Beauty and Ritual in Ancient Egypt
Updated: May 9
Allow me to lavish your wig with scented oils and place garlands of a sweet lotus around your neck.
These were among the first duties towards guests in ancient Egypt.
Did vanity drive King Tutankhamun to have his coffin smelted in gold Isis wings with precious stones?
From beginning to end, ancient Egyptians represented their gods with every action.
Whether hauling limestone blocks to build the pyramids or anointing the heads of guests in the royal court with oils, the invocation of the gods was paramount.
Daily rituals were neither vain nor fanatical but an opulent display of reverie for the gods and goddesses of the Nile.
The ritual importance of face painting has long been adhered to, and even today, women proclaim, I won't be caught dead without my makeup!
Neither would the men in ancient Egypt.
All sexes wore makeup for both practical and ritual reasons.
Khol was used to prevent eye infections from dust and shield the eyes from the intensity of the hot desert sun.
Kohl was also associated with ancient Egyptian deities such as Hathor, Horus, and Ra and was thought to possess magic and protection.
Eye painting even played a significant role in burial preparation.
Ancient Egyptians were not permitted to face Osirus (god of the dead) in the afterlife without being made up, as they needed to assure they would be recognized in death as they were in life.
Vials of cosmetics were always found in grave goods caches and suggested the serious nature of ritual in death, as in life.
In the words of scholar Wendy Bonaventura, coming from a culture in which makeup is considered a protective mask, the more you wear, the more you are shielded from malign spirits and psychic forces.
Protected as they were, the famous kohl-rimmed gaze of the Pharaohs and their queens were some of the most highly decorated eyes in history.
In ancient times, the continuation of the species was the ultimate purpose of life.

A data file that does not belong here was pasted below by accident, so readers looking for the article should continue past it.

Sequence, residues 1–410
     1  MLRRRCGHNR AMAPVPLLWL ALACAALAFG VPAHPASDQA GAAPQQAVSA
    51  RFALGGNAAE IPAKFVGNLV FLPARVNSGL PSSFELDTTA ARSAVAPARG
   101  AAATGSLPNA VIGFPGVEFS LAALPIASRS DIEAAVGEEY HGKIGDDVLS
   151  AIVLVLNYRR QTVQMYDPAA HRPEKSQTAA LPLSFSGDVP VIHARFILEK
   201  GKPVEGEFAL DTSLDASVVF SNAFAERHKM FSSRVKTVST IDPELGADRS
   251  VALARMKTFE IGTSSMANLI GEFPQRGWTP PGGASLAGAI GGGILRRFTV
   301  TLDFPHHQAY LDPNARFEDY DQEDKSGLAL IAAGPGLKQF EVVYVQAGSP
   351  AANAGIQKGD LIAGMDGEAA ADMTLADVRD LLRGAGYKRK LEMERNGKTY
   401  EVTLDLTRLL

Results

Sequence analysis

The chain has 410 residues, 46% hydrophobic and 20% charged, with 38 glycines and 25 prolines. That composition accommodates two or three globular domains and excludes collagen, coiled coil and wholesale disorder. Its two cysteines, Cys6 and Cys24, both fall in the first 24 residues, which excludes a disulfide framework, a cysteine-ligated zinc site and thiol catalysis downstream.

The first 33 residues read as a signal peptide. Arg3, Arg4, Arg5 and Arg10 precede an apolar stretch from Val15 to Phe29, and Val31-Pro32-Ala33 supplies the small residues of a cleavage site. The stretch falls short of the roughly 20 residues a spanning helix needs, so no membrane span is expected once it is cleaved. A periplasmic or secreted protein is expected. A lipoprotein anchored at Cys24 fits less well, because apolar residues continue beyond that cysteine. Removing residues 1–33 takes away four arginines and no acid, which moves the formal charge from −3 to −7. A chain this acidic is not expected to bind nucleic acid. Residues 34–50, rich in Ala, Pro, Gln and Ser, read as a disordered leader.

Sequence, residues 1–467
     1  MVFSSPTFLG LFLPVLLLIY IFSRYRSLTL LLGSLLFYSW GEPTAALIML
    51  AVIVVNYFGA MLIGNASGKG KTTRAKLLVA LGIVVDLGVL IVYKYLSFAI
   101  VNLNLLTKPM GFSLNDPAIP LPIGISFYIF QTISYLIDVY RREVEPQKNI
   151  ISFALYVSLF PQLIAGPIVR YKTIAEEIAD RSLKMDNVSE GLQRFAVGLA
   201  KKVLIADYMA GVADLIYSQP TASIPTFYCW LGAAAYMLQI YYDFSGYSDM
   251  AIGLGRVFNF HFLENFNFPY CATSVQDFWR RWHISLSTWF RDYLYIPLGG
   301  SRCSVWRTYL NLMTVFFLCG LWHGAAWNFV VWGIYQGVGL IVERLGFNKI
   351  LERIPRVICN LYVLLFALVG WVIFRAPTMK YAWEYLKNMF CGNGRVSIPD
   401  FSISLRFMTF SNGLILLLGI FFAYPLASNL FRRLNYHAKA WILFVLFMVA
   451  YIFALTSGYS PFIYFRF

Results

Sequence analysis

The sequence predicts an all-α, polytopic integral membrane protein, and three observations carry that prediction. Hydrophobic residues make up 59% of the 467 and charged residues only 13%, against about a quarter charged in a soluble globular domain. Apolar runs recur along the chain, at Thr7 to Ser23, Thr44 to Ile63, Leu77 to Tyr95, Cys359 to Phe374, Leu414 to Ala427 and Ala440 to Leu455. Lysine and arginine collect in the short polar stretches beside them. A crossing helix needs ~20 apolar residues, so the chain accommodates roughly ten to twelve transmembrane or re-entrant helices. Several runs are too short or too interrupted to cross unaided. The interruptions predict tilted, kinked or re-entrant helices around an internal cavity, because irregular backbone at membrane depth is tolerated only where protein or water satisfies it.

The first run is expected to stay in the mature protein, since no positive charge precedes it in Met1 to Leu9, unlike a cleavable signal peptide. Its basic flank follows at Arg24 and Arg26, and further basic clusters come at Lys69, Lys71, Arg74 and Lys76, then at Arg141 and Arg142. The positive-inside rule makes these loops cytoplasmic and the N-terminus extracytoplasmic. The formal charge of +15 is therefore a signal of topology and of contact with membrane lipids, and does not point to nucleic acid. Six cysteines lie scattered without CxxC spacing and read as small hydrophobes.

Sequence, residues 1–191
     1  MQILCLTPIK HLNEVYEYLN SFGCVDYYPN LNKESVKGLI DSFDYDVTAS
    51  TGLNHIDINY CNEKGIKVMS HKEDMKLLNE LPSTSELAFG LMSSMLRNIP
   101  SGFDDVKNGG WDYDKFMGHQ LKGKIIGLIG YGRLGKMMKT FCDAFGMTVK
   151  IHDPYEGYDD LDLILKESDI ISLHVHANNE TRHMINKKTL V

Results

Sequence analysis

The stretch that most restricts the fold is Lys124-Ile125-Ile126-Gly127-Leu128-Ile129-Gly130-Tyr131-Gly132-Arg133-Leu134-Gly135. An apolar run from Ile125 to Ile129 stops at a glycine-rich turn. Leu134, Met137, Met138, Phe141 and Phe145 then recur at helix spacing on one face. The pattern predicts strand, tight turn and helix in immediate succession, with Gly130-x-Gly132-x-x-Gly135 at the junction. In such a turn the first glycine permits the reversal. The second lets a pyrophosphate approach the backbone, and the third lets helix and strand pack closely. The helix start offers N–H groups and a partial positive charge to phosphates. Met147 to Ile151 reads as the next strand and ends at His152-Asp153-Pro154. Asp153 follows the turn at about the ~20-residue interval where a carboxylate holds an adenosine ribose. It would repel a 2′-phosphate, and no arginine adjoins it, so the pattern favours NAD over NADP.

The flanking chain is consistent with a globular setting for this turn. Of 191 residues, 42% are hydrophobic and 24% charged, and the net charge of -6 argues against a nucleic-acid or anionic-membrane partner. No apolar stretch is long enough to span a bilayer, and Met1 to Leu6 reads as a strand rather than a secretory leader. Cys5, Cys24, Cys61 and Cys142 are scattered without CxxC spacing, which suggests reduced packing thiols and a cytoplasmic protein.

As in the animal world, humans would emphasize their sex and sexuality in their behavior and appearance.
The Minx-like eyes of local Egyptian women outlined in Kohl is still fashionable today.
Prized Egyptian perfumes and oils
Ancient Egypt was admired for its rare and prized perfumes.
Perfumes and oils covered almost every inch of an Egyptian's body as they were associated with the gods.
Egyptians also took note of the uplifting healing properties of oils and used them liberally.
Nefertum, the god of perfume and healing, eased Ra's pain, the sun god, with a blend of sacred lotus!
There was no more festive occasion worthy of the senses than a lively festival or perhaps the "feast of Drunkeness for Hathor," goddess of birth, beauty, and pleasure.
Often, the host would drizzle the shoulders of guests' white linen sheaths with rich, fragrant oil, revealing the splendor of the figure beneath.
While maintaining a profoundly religious and symbolic significance, the scent also prepared the mood for intimate time.
How better to enchant a lover than by leaving the sweet smell of jasmine and rose as a memory of yearning and desire.
Perfume was a luxury enjoyed by all sexes, as it was known to expand the wearer's power and presence.
During the reign of Ramses lll, grave diggers of Thebes are reported to have gone on strike in protest against a decline in the perfume supplied to them! Imagine!
Incense and oil for the gods
The temples swelled with the intoxicating aromatics of incense.